I don’t understand the choices my computer keeps offering me. The more updates it has, the slower it gets. Surely, they should improve its performance? I still miss being in halls of residence with people who knew about this stuff and importantly, would help me for free.
We started watching Motherland last night on BBC iPlayer. Everything resonated- the spurious temporary traffic lights on the school run; the child throwing up seconds before other children arrive for a party; the phone call about a child’s forgotten swimming things (parent to teacher on phone- “Just a question- did you try my husband?”and eventually,”You and I both know he’s going to end up sitting at the side!”); envying other women with parents round the corner, ever-present husbands and childcare sewn up for all but one Thursday afternoon a month, and so on and so on. (Husband to wife over phone: “remember when you drop one of those balls I’ll be here to pick it up and hand it to you so you can keep juggling!”)
Apologies to the BBC for the paraphrasing, but you have commissioned something brilliant. I wish I’d written it.
Fantasy: (while having perfectly balanced and secure children) to be part of a comedy team that develops fabulous characters and nails a section of life like that.
This is not saying much, but I have never been as organised as I am now. Not since A level revision anyway.
The obvious reason is the children are now all at school. I have time, not just to go through files and washing but to think what I need to do and how best to do it. I’ve also space for trial and error.
I thought I was keeping records for the tax man. I do have a spreadsheet detailing articles, when and to whom they were pitched, when they were accepted, the fee agreed, when they were published and if I’ve sent an invoice. But not when they were banked- one of the few things HMRC actually want to know. I can look at my statements, but it’s another case of learning as I go along. I dreaded my first tax return as my own boss, but I now have a workable system. I’ve gone retro and have a paper cash book and a pencil case for work receipts inside my handbag.
Perhaps reasonably, given my medical background, I’ve been terrified of making mistakes or courting criticism before. Now, I find that’s how you learn. And as you learn, you gain confidence to try new things and make other errors.
It’s raining heavily outside. I was thinking about going for a run, but…
Am I alone in thinking New Year is a very strange time for a reset? For one thing, I am in a state of over-relaxation, where it’s hard to take sudden school drop-offs and homework seriously. For another, it’s freezing. Like a reptile, I slow down when I’m cold. I’m torn between my need to keep on top of things and a desire to curl up in front of the fire and go to sleep.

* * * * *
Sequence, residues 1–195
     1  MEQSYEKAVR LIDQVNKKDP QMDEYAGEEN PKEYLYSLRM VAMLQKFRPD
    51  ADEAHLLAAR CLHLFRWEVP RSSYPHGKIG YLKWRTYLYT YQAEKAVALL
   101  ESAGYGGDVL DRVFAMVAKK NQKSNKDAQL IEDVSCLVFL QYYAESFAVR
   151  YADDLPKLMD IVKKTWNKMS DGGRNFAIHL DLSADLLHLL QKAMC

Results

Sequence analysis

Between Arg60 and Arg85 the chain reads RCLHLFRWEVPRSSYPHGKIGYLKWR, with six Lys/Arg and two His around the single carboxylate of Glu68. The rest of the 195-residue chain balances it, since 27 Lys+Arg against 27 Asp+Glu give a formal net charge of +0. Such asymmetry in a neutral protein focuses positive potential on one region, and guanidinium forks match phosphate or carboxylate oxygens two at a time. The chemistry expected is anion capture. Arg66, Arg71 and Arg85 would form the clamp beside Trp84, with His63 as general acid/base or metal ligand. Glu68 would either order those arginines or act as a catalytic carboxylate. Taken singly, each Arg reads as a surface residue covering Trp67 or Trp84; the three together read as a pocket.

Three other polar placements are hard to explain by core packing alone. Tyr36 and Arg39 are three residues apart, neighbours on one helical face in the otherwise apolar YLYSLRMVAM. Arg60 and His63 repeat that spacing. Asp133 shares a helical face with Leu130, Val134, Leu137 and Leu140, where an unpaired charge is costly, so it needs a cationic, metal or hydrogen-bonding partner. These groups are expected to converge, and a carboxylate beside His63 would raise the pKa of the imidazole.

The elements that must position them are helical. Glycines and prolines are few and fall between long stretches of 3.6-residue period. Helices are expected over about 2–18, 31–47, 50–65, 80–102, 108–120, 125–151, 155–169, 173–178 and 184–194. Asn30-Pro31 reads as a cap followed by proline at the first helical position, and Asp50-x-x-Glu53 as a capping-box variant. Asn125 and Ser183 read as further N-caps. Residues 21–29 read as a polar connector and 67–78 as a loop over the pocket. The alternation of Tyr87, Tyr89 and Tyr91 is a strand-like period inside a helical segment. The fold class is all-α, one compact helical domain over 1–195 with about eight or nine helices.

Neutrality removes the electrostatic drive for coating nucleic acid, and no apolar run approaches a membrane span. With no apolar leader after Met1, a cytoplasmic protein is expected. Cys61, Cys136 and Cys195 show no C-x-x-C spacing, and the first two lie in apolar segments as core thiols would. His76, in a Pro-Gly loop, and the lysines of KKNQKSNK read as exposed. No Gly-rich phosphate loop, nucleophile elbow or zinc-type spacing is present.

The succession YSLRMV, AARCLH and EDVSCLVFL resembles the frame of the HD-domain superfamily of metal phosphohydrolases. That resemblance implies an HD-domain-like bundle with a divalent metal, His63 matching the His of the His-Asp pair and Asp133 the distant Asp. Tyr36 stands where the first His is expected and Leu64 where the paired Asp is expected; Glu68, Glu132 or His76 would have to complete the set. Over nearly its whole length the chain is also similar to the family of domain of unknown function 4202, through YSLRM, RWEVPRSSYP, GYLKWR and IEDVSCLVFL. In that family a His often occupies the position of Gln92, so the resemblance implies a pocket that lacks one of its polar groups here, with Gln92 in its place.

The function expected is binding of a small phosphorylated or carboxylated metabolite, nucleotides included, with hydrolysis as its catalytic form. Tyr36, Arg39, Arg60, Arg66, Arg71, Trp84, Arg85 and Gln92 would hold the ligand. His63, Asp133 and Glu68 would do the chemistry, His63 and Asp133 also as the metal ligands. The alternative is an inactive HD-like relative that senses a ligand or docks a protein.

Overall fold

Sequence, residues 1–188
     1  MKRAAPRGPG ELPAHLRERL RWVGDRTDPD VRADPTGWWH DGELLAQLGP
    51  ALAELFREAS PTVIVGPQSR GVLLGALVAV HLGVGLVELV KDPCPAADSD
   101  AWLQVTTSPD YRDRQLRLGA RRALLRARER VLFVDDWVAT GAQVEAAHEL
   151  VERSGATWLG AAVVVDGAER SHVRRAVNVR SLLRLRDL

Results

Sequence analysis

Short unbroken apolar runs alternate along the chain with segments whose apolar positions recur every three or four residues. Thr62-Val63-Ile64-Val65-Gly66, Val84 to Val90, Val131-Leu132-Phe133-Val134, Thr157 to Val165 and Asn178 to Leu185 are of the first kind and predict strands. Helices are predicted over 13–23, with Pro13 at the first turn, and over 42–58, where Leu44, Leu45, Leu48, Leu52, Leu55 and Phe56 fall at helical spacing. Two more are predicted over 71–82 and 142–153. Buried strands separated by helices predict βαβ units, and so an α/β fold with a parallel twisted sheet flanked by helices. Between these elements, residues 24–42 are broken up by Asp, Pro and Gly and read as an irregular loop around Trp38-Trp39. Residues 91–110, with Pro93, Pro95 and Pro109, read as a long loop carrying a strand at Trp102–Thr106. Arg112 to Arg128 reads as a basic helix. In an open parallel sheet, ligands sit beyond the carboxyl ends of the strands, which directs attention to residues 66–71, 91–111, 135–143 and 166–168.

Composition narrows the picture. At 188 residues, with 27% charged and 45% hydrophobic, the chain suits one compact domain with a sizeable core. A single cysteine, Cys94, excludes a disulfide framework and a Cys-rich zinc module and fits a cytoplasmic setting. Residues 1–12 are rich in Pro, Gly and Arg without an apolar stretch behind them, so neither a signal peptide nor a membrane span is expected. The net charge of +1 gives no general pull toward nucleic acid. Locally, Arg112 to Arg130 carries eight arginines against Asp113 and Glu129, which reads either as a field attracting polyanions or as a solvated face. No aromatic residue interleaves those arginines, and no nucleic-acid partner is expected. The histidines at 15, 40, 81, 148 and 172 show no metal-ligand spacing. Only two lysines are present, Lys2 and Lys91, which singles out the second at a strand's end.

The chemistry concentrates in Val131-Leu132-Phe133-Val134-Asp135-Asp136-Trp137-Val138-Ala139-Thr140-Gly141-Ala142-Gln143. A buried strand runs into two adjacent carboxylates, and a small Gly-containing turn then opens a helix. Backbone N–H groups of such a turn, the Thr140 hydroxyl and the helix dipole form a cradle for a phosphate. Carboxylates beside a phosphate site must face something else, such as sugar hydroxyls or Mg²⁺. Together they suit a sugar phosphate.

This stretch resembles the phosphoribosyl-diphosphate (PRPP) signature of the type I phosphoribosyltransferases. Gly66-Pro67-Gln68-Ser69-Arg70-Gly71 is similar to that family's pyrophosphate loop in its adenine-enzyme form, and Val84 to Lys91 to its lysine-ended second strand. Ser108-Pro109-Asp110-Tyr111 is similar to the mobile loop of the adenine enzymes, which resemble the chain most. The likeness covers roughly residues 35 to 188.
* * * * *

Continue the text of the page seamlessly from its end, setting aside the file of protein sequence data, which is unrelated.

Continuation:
But I’m finding end-of-day lists really helpful. They not only provide a “sign off” before I switch back to parent mode for school pick-up, I know where to start the next morning, circumventing the need for decision-making much before lunch.
A couple of journalistic firsts (for me, not mankind) this week:
One of my editors suggested I write under a pseudonym. I had a happy minute or two trying to work out a name that would baffle the authorities before I realised, as I’m not indulging in espionage, my maiden name would suffice.
I saw one of my pieces advertised in the “coming soon” section of a magazine. And that was how I found out it had been accepted.
Happy New Year. Thank you for reading my blog. It justifies my pleasure writing it.
New Year- good or bad timing for a restart? Anyone else slow down in the cold?
Decades after leaving school, September is still my favourite time of year. It means crisp air, clean skies, oversized uniform and the intention my homework will always be beautifully presented and handed in on time.
As Tom Hanks says in You’ve Got Mail: “Don’t you just love New York in the fall? It makes me want to buy school supplies.” It’s Autumn in Bournemouth and I want to learn something new.
Last week, I told an editor to say no if I ever offered her any of my own photos. It might be my phone. I suspect it’s me. My pictures seem little better than they were when I was first given a camera at ten. And so I avoid taking them, and the ones I do are impressionistic.
But yesterday, I downloaded a book on Kindle- Photography for Writers. In an hour, it demystified frightening terms like shutter speed and pixel, and inspired my September challenge – to take a photo a day for a month and see if I improve.
I’m in a grateful mood today. Grateful I could find a parking spot near enough the library, for the sunshine, and for Scrivener. I’ll have lost most people with the last one. It’s writing software worth far more than the £14 I paid for it (half-price).
Today, I found myself in the library, with no internet and an article to shape. Scrivener, which I bought to write my novel, also works brilliantly for articles. Imagine a cork board with index cards that each refer to a paragraph/ scene/ chapter- you decide. The program allows you to move cards and therefore text around, and has many other features that make it invaluable for those like me who can’t hold everything in their head at one time. Of course, I won’t have persuaded you with that. It’s one of those things that people have to try to find out what all the fuss is about.
Anyway, it allowed me to condense all my notes into something approaching the 1,500 word piece needed.
My other breakthrough today was finding a new cafe. Only new to me, as I tend to gravitate towards places with sofas run by giant corporations. It’s been there under the library since we moved here. But I felt rewarded for my fearless exit from my decaffeinated comfort zone with air and space, and some really nice coffee. I think there was a freelancer’s session in one corner, but I was too shy to ask.